FEATURES ’80s Post-Punkers Supercollider Get a Second Lease on Life By Ned Raggett · January 06, 2020

In conversation, Michael Horton and Phillip Haut have the noticeable easy rapport of two longtime friends. They also know how to balance each other out; speaking from Haut’s studio near downtown Los Angeles, Horton talks at a quick, breathless pace, while Haut delivers his recollections with an easygoing swing. Both of those qualities—the camaraderie and the complementary dynamics—are at least in part owed to the fact that they’ve known each other since the late ‘80s, when they founded Supercollider in Long Beach.

Writing songs that fused minimalism and post-punk with sampling and sequencers, and lyrics inspired by modernist poetry, Supercollider weren’t just unique in that era of Southern California, dominated by the final wave of hair metal and the homegrown hip-hop explosion, but almost anywhere in the U.S. (The only comparison that comes to mind is to the equally far-flung and underappreciated UK band Disco Inferno, and even that is a bit of a stretch.) Horton had spent his early years playing in Orange County punk bands while Haut, younger by a couple of years, studied percussion at college in his native Virginia before heading to L.A. in the mid ‘80s.

“When I was about 21,” remembers Horton, “I had joined a band for a short time, sort of R.E.M., Smiths [style]. Philip responded to an ad of ours in 1986. I’d read about sequencing and sampling, and just liked the idea of very constant timekeeping—a very ‘non-argumentative’ sound source to play against. So I bought a sampler, and Philip and I started writing Supercollider songs in 1988.”

The duo’s first formal track, “Primary,” was already in place that same year. Horton credits artists like Sonic Youth, Joy Division, Philip Glass, and Steve Reich—as well as visual artists like Ellsworth Kelly and Donald Judd—as inspirations; the resulting combination of stark, austere guitar patterns and his serene but still emotional singing reflects those influences, as does Horton’s willful defiance of verse/chorus/verse song structure.

“I was reading a lot of e.e. cummings, reading a lot of the Beat poets,” he recalls. “I just wanted to strip things down, play with the sound of words, break them up, and pull as much meaning—even if it was a little obscure—out of three-or-four-word lines to have little surprises as the song unfolds.”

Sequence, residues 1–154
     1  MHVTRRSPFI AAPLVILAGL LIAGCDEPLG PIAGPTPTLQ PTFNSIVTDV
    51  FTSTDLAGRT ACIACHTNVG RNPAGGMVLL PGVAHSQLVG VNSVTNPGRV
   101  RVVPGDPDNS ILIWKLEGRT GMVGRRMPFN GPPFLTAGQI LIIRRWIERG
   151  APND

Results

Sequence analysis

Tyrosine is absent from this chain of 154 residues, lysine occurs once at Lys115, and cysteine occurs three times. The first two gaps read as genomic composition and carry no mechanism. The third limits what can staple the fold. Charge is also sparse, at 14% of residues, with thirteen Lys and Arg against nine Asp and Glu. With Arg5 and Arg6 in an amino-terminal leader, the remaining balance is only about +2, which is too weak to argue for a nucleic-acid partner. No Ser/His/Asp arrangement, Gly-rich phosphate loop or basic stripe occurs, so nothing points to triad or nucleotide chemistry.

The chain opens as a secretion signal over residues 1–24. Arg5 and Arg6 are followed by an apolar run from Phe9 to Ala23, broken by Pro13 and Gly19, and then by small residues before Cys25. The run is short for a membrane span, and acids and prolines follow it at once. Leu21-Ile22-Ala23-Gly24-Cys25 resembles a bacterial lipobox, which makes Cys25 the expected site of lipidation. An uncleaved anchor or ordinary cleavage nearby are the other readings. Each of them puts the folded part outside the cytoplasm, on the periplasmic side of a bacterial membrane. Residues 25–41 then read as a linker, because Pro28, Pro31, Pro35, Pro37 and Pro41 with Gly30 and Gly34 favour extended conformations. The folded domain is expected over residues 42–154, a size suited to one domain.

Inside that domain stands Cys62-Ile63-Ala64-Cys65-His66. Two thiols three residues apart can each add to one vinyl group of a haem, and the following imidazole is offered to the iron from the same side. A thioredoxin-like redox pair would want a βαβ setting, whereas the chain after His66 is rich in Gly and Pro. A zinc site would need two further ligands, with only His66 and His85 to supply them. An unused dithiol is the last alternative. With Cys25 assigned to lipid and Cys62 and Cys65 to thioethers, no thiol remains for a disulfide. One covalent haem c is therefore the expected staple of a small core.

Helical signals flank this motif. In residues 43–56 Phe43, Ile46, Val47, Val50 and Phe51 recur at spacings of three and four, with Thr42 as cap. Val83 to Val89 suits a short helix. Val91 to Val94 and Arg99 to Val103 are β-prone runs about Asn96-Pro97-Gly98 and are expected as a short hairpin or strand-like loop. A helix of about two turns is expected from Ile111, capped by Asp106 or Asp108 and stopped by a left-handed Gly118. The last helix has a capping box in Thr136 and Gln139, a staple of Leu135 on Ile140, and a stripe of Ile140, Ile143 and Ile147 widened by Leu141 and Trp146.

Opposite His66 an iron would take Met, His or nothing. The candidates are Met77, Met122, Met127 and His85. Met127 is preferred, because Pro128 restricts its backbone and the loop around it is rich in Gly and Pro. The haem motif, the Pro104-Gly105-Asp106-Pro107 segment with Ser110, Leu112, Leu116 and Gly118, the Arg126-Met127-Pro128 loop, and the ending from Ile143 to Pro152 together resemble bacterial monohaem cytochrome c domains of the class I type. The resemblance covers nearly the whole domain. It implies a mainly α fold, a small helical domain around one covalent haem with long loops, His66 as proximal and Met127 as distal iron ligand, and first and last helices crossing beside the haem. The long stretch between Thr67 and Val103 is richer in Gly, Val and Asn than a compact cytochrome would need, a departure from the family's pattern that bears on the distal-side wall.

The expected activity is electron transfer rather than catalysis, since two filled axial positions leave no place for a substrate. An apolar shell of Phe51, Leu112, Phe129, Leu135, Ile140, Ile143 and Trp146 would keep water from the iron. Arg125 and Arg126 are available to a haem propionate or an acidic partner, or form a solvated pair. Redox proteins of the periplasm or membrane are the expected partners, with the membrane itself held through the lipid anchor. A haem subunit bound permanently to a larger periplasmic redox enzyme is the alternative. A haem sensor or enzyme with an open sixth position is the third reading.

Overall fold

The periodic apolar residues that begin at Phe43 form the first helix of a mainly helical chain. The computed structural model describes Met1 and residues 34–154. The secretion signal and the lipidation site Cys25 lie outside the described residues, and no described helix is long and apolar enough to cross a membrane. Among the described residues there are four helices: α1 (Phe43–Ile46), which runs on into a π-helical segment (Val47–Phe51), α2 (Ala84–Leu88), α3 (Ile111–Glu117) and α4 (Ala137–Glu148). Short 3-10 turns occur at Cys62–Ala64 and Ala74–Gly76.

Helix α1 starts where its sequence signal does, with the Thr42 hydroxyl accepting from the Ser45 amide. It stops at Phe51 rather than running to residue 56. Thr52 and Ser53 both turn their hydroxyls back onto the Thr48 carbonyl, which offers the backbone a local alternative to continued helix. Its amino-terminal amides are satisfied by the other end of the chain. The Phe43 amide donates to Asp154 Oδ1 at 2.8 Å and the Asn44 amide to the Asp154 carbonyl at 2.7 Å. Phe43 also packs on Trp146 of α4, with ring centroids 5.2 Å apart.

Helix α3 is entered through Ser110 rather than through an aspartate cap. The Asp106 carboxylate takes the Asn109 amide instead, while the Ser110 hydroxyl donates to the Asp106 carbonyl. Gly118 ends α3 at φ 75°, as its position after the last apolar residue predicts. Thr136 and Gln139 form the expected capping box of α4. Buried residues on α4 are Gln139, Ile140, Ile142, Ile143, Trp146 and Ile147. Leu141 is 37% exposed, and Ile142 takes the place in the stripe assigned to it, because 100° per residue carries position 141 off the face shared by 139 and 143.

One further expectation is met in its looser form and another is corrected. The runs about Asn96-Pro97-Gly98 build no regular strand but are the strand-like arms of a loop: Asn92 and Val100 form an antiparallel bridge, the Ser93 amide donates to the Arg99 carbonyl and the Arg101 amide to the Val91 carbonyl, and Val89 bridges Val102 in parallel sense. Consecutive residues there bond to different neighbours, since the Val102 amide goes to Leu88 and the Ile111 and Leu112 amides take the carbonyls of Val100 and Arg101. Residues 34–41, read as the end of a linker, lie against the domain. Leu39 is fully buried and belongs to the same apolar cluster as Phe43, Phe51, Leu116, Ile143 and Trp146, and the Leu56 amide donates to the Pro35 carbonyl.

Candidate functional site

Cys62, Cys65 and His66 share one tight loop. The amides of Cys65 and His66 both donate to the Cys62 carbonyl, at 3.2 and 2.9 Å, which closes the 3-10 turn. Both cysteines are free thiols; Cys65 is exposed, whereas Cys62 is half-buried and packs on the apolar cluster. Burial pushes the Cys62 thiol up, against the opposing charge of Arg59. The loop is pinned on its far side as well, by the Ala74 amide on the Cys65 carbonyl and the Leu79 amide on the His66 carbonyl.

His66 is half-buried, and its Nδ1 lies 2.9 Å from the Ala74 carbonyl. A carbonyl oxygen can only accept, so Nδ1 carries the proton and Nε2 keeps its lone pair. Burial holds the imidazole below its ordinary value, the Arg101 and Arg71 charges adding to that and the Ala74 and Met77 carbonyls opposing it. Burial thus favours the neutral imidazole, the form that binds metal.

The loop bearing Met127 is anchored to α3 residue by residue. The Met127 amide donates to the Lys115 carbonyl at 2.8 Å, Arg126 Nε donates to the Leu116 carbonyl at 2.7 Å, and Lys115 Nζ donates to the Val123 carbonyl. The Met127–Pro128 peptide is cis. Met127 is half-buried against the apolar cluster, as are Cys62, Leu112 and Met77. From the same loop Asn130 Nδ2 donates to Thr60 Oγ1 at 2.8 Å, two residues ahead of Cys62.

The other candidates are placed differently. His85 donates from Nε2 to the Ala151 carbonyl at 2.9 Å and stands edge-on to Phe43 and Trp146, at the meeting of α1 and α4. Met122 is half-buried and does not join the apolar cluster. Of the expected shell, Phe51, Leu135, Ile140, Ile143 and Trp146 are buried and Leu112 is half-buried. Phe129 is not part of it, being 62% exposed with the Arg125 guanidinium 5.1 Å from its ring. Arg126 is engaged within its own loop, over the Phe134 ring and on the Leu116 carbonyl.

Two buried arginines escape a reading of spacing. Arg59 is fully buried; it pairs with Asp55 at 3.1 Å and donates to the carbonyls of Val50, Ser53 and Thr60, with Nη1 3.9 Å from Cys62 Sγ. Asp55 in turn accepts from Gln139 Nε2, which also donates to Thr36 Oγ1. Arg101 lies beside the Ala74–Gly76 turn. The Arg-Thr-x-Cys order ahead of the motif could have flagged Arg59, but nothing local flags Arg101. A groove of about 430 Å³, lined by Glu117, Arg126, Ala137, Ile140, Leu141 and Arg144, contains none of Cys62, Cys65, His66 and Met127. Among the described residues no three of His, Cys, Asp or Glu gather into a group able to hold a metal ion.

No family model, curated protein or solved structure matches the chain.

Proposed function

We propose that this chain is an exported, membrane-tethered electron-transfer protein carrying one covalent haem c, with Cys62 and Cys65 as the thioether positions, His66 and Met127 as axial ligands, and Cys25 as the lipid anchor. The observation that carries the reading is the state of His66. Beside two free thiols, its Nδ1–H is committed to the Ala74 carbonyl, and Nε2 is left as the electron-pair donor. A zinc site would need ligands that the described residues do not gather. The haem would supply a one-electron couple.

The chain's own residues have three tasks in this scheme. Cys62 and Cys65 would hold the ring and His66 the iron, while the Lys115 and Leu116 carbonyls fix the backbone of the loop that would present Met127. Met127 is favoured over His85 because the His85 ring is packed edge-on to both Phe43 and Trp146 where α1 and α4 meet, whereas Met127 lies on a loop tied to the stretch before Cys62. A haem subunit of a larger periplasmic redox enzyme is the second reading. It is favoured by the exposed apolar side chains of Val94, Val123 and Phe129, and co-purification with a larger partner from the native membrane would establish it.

Haut, meanwhile, concentrated not only on percussion, but also on learning the vagaries of the then still-new technology with which they were working. “I was the one who had my hands on the sequencer, but [Horton] was really writing the parts,” he says. “In programming the equipment, you can discover things, and changes and other parts can be added. The process of programming one idea can inspire other ideas. A lot of it was more serendipity than it was actual vision. We’d find out what sounds something can make and put them together and then kind of go from there.”

They began submitting their initial cassette recordings to one record company after another only to be met with a total lack of interest—until a remarkably lucky break arrived in the form of Emigre Records, a near-bespoke side project of the famed font and design firm founded in Berkeley in 1984. Emigre’s Rudy VanderLans took to Supercollider’s music, releasing both their self-titled debut in 1991 and a follow-up, Dual, in 1993, as well as working closely with the band to create striking cover art for those efforts.

The 1991 debut has recently been remastered and rereleased by the duo, the first in a planned series of reissues and archival recordings; hearing songs like “Primary” and “Aluminum” again with fresh ears makes for vivid listening. Some of the band’s and VanderLans design ideas can’t fully translate to the digital realm—the original CD booklet was only a ⅔-size sleeve, showcasing the physical CD itself in a way few such releases did at the time—but the striking cover art has literally ended up in a museum.

“I liked the idea of those thin and thick stripes just because I saw our music in that way, the positive and the negative space,” remembers Horton. “Rudy liked that idea, and of course he did what Rudy does, which is make everything grey. A poster of that [artwork] is actually in the L.A. County Museum of Art, in their decorative design collection.”

Horton and Haut never formally broke up the band, but after Dual, they felt they weren’t getting enough traction for their work, and maintained a friendship while pursuing individual paths in life and music—appropriately enough, both became graphic designers. And while they’ve recently reactivated their Supercollider partnership, they’re planning to take things as they come, though the possibility of new recordings under the name are very much part of the plan.

“I think what we did with samplers is a lot more like what’s happening now,” concludes Haut. “Because I see a lot of people now working with loop pedals and things like that—just using sounds as musical parts.”

“I want to play live again,” Horton says, “because I think that’s the only way we’re going to build momentum and expose people to the music in a visceral sense. Because I think it shows them that you’re out there: two guys playing instruments, even though we’re also against this machine that’s unrelenting in repeating these sequences on time.”

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